My experience with cpufreq in -STABLE
doconnor at gsoft.com.au
Wed Apr 6 18:19:45 PDT 2005
On Wed, 6 Apr 2005 23:31, Bruno Ducrot wrote:
> On Wed, Apr 06, 2005 at 08:49:15AM +0200, Frank Behrens wrote:
> > Bruno Ducrot <ducrot at poupinou.org> wrote on 4 Apr 2005 19:17:
> > > You may start looking at src/usr.sbin/powerd in -current, and improve
> > > it a bit? The actual algorithm used in powerd may need some rework
> > > IMHO.
> > Which problems do you see?
> powerd use an exponentional decrease of the frequency. This might be
> not stable for certain workload.
The algorithm used by the acpi_ppc module semed quite good to me when I used
it (before the frequency stuff was committed).
I have been meaning to get around to adding it to powerd.. For the moment I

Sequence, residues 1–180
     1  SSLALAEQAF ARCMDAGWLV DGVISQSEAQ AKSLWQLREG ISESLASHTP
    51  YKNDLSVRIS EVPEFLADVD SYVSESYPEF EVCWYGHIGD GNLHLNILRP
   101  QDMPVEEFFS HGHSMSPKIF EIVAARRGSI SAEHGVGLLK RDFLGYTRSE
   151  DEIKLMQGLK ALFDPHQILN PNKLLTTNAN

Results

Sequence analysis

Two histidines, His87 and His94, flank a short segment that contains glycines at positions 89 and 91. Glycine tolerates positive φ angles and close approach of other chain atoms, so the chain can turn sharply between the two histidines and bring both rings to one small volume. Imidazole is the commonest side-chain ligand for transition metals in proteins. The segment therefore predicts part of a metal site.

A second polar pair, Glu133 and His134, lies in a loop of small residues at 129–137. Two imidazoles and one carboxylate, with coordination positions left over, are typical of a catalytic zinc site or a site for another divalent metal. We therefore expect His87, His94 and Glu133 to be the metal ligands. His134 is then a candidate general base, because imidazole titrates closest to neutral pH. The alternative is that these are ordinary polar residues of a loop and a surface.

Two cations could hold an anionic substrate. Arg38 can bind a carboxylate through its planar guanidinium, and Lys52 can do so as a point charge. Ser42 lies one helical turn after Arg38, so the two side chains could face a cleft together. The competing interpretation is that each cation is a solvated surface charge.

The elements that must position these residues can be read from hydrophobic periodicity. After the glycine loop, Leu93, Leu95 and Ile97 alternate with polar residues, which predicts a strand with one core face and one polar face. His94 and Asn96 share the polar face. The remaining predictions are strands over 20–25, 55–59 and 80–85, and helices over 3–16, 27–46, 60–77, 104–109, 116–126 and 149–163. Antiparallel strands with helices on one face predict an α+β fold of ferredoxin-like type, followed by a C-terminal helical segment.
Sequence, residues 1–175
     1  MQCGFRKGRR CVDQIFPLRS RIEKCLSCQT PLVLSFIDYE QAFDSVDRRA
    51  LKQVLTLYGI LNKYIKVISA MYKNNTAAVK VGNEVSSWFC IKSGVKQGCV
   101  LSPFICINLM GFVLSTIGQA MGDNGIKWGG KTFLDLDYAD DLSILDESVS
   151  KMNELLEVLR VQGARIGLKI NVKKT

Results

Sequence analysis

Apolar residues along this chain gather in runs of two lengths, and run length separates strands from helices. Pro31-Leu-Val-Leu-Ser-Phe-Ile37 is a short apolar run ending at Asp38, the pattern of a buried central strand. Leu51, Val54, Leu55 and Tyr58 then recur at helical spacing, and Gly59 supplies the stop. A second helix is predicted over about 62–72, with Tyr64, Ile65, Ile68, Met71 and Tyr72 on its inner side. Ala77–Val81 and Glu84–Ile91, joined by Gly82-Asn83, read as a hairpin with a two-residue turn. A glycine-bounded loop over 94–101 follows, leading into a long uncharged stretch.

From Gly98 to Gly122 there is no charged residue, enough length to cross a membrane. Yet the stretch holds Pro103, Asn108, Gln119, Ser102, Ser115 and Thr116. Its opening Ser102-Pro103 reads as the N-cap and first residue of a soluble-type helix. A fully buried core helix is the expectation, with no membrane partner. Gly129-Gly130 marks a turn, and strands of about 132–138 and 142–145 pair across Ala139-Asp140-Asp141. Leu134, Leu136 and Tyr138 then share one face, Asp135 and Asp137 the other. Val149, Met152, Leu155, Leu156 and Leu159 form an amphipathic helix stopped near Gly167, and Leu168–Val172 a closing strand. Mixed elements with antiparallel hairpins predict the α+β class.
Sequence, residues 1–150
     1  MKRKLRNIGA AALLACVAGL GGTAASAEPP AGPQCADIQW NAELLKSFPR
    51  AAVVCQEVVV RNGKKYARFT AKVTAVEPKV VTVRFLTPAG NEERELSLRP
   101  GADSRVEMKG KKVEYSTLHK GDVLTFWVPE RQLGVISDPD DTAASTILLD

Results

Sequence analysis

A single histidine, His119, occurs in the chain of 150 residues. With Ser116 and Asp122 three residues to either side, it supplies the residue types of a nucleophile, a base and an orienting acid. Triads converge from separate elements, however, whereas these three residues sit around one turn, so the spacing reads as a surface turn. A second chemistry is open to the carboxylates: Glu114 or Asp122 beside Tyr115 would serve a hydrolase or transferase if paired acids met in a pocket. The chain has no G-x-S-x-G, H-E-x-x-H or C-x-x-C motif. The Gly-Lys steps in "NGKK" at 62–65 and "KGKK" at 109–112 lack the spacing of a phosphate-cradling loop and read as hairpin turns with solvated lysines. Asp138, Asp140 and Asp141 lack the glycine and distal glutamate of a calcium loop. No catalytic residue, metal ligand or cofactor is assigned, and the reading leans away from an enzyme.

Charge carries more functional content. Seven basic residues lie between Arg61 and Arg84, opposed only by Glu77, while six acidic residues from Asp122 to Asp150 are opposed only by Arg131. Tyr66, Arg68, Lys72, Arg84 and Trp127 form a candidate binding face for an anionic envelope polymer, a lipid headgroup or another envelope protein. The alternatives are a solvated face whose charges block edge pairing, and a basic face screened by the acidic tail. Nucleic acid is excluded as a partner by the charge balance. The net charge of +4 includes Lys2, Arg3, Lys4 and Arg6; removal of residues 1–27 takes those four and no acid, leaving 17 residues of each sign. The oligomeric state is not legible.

just added an option to powerd to do a linear backoff instead which seems
smoother to me since I only had a limited number of steps (although I just
discovered if I load cpufreq.ko I get a lot more.. doh.. thought I'd already
done that :)
> and it seems it's maybe not the better one, though (search 'MAW', its
> exactly what you suggest).
That paper is interesting reading :)
> > 2. The default polling time of 500 ms seems to be very short. It can
> > increased to several seconds.
> Problem if you increase teh polling intervall is that you can't be sure
> that the system can detect in time when going up.
I don't think increasing the poll interval is a good idea - it means your
system will respond slowly to workload changes. However you could use
filtered averages (a la that paper) to reduce the number of speed changes.
One thing that does worry me about having a userland daemon control the speed
is that if it drops down to a really low speed after some idle time it could
take a very long time to get some CPU time. Not sure if it's a real problem
Daniel O'Connor software and network engineer
for Genesis Software - http://www.gsoft.com.au
"The nice thing about standards is that there
are so many of them to choose from."
-- Andrew Tanenbaum
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